broken bow hiking

15 Beavers Bend & Broken Bow Hiking Trails

Looking to Experience Some of the Best Hiking in Beavers Bend & Broken Bow? 

As lifelong Oklahoma adventurers, we’re here to tell you that nothing quite compares to Beavers Bend & Broken Bow hiking trails. There are multiple hikes of varying difficulty, rusticness, and length. Whether you prefer shaded forest trails, access to the trickle of waterways, or hikes with views of grandeur, you’re going to find a good selection in this neck of the woods. 

Broken Bow, Oklahoma Hiking & Beavers Bend Trails Guide

Beavers Bend State Park merges with the community of Hochatown (now an official town) amidst the Ouachita National Forest. All areas have some pretty amazing hiking trails. Many of the rural areas have Broken Bow addresses even though the city of Broken Bow is about 12 miles south of Beavers Bend State Park.

We’ve grouped trail options based on area and type. You can visit several trails in a day, depending on their lengths and your timeline. 

Short on time? Our top 5 recommended hikes are:

  • Cedar Bluff Nature Trail – has our favorite lookout point but on a shorter hike
  • Tree Trail – easy and family-friendly
  • Friends Trail – the most recent addition to the park, plus it’s family-friendly & has a small waterfall along the river
  • Skyline Trail– longer hike & excellent for those up for a challenge with beautiful views
  • Mountain Fork River Trail – relaxing hike and easy to follow as you hike along the river

Pro Tip: Service can be poor and markings can be difficult to follow so we highly suggest downloading maps beforehand or using an app service that will guide you while offline. This is typical for a lot of the trails in the area. 

Beavers Bend State Park Hiking Trails

1. Cedar Bluff Nature Trail

.9 mile / loop / about 30 min. / easy to moderate 🟦

📍 Cedar Bluff Trailhead Location

This is a great, short loop that gives you a breathtaking view over the river, as well as the woods. The trail has some inclines and rocky ground. It intersects with Skyline Trail and Deer Crossing Trail is nearby.

It’s a great trail for families with kids who are ready for a little bit of a challenge. You will likely see birds, deer, or squirrels. It’s one of my favorite Broken Bow hiking trails.

It’s a good idea to keep an offline app or map handy, as you can easily go off-path.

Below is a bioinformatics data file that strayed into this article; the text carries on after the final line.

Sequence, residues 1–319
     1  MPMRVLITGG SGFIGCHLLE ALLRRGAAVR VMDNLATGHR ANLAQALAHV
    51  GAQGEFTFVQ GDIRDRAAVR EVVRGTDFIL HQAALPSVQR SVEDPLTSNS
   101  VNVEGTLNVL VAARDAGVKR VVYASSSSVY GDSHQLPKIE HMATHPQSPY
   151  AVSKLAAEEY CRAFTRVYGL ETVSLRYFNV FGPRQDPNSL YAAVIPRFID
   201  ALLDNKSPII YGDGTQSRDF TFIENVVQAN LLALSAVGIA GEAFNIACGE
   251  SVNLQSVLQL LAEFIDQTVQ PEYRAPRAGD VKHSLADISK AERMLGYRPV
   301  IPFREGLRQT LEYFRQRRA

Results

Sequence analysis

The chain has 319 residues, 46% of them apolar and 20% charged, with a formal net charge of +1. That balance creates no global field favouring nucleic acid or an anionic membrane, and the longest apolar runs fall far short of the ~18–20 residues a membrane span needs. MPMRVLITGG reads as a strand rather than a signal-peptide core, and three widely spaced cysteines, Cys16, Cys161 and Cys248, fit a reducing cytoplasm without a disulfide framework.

📍 Cedar Bluff Trail Lookout Location

broken bow hiking views

2. Skyline Trail

9.5 miles / loop trail / about 4.5-6 hours / difficult 🛑

The views on this trail are some of the best. This trail is a challenge with some steep terrain, rocky footing at times, and water crossings. It is not for beginners. Only skilled, prepared hikers should attempt to hike this full loop. 

Look for Thunderbird Falls along the way! It’s easier to spot after a good amount of rainfall. The water crossings could be dangerous depending on water levels, and paths are not always marked well in areas. 

The Skyline Trail provides the same great view as Cedar Bluff of the Mountain Fork River with varied terrain and chances for wildlife sightings. 

At the end of the full loop, you walk on the road back to the original starting point for about a mile and a half. That’s our least fun part. I would plan for it to take about 5-6 hours total with stops and food breaks.

Offline maps are key because paths are difficult to follow in several areas. We usually use AllTrails. I personally love the less paved trails with nature left as intact as possible. It feels more adventurous even though it can be a little frustrating at times.

hiking in beavers bend state park at broken bow

3. Deer Crossing Trail:  

3.9 miles / out and back / about 2 hours / moderate 🟦

The Deer Crossing Trail has some inclines and steep spots. Expect beautiful wooded views and good chances of seeing…you guessed it… DEER! You might come across other wildlife as well. 

deer in beavers bend state park while hiking
We have seen so many deer on various hikes over the years.

Pro Tip: My favorite ridgetop view can be seen from the Cedar Bluff Trail or the Skyline Trail. It’s a point where they intersect and Deer Crossing is close by.

4. Friends Trail Loop

About 1.5 miles / loop trail / about 45 min. / moderate 🟦

📍 Friends Trail Loop Trailhead Location

The trail begins at Spillway Creek and makes a loop. It has some steep inclines and rocky terrain, but there are some gorgeous views of the river along the trail. You can spot small falls along the river as well.

5. Tree Trail (Forest Heritage Tree Trail)

1.2 miles long / loop trail / about 30 min. / easy 🟢